6 Comments

  1. Frances Jenkins

    February 10, 2012 at 3:48 pm

    My goodness, this company should be run out of North Carolina for such activites and such practices by which they operate schools. No wait, they have not lost the lawsuit, My fault, no, just unfair reporting as usual by Sarah.

  2. gregflynn

    February 10, 2012 at 8:49 pm

    Innocence until proven guilty is not your strongest suit Frances. You seem to have a ready supply of innuendo that you serve regularly without factual dressing. Everything that Sarah wrote above is factual reporting. I challenge you to point out one thing that is unfair.

  3. Frances Jenkins

    February 10, 2012 at 10:02 pm

    1. Is it true that every point of argument you(Greg) made in the Redistricting case was thrown out by the courts?

    2. Are the any points Sarah could have presenedt to reflect a postive view of the charter system?

    3. Sarah stakes out a position and spends her time searching for facts to prove her position and the facts be damned.

  4. Sarah Ovaska

    February 13, 2012 at 9:17 am

    @Frances, your continuing personal attacks on me are puzzling.

    If you feel that there’s a factual error, please feel free to point it out, either in this forum or by contacting me at sarah@ncpolicywatch.com.

    It’s unclear what you’re taking issue with — the lawsuit itself being filed, or my reporting about the filing.
    A class-action investor lawsuit being filed against a company that is trying to do business with the N.C education system is significant, and worth noting to the taxpayers of this state who could end up doing business with this company down the road. .

  5. GayleH

    February 13, 2012 at 12:20 pm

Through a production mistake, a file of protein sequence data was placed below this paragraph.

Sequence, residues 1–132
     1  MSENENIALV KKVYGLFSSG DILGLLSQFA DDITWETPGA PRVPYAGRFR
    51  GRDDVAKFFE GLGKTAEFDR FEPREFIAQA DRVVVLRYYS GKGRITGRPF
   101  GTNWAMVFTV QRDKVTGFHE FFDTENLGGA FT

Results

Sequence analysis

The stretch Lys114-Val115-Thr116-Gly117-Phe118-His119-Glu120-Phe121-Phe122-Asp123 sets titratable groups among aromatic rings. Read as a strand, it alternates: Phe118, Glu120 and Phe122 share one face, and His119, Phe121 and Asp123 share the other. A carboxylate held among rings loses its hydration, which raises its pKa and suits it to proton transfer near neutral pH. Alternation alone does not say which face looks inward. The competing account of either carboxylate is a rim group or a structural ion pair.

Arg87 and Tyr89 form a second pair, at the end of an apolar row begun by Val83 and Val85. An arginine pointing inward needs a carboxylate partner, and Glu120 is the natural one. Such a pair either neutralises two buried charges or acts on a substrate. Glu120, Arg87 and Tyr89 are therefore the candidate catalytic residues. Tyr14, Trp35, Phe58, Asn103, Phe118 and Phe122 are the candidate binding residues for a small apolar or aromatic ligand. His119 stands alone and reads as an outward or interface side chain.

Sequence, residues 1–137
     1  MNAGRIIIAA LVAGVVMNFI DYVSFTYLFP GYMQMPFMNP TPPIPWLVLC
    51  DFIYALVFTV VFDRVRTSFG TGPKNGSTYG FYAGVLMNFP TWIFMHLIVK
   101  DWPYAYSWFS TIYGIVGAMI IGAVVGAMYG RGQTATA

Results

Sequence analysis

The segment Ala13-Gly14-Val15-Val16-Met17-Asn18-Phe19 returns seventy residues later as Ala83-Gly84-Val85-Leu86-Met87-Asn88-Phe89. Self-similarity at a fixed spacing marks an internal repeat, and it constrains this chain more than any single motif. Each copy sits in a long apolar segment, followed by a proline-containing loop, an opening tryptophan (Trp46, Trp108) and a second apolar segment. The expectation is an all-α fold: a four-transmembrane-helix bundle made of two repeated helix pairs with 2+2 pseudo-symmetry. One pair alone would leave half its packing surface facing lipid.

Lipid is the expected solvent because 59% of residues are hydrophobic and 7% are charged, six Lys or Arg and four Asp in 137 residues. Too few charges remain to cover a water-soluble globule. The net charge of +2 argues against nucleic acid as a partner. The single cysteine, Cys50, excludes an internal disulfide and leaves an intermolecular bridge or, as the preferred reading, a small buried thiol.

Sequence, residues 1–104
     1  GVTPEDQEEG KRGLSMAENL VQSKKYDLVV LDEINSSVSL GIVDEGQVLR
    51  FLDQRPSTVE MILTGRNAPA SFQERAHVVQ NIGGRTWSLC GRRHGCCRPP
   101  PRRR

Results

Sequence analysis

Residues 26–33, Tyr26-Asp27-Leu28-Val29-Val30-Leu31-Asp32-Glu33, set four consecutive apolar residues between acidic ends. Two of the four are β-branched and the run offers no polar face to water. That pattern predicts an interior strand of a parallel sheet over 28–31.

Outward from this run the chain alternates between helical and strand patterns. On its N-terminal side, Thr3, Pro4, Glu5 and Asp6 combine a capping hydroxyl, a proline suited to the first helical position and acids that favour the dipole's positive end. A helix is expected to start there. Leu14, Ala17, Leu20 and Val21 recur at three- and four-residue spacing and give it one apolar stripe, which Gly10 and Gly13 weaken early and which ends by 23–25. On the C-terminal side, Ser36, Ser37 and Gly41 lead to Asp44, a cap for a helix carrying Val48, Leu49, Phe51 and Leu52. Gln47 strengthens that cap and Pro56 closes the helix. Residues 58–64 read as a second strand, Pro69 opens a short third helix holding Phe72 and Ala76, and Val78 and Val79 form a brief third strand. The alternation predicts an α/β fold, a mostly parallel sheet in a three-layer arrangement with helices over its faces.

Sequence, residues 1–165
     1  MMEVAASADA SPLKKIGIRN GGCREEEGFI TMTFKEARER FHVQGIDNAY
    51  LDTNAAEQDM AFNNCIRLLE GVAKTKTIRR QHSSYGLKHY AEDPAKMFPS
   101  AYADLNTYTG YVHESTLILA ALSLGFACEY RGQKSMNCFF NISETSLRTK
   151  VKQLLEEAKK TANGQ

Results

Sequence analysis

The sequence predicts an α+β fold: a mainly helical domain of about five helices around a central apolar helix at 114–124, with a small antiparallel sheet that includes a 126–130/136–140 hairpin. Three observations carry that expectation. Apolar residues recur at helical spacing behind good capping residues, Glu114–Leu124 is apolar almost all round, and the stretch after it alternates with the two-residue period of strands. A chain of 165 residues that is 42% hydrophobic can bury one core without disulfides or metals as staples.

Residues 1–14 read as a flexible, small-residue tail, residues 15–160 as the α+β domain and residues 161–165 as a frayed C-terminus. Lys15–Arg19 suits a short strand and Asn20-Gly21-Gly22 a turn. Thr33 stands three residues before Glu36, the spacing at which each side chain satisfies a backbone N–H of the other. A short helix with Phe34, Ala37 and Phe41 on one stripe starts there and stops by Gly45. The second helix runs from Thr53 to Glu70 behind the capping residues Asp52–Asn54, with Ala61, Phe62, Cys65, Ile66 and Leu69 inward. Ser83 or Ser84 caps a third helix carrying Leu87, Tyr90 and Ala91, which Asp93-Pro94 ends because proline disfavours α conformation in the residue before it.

@Frances and to all who post with passion – those of us who read articles online, and who have a smidgen of intelligence, know that we need to read from multiple sources just in case the article, author, or forum has any leanings or hidden agendas (e.g., Fox news vs. MSNBC). We also know that readers submitting comments who are already biased in one direction or another are unlikely to be swayed by reading something that does not agree with their point of view. Thus, people who post blatantly negative, personal comments about topics, writers, etc. simply create chaos and bad feelings that serve no purpose whatsoever. As a fellow reader, I would be much more inclined to hear the viewpoint of someone who disagrees with a posted article if that viewpoint were delivered with clearly-worded logic rather than sarcasm and insult. When the latter is the case, I have to assume that the person doesn’t have a logical leg on which to stand and must, therefore, resort to namecalling.
    @Sarah – thanks for reporting that there is a lawsuit pending. It is interesting to know that it is in the works, and it will also be interesting to hear what is decided.

  6. gregflynn

    February 13, 2012 at 4:18 pm

    Frances, this post is about charter schools, not redistricting. You have failed to point out one thing that is unfair in Sarah’s report about K12, Inc.

    You go to an unrelated subject, redistricting, in a sad attempt to take a swipe at me personally, revealing your willful ignorance and petty indignation.

    Everything I said about redistricting last July is just as true today as it was back then. The lawsuits have not changed that one iota. For the record, of the 37 claims presented to the court 15 were rejected and 22 remain.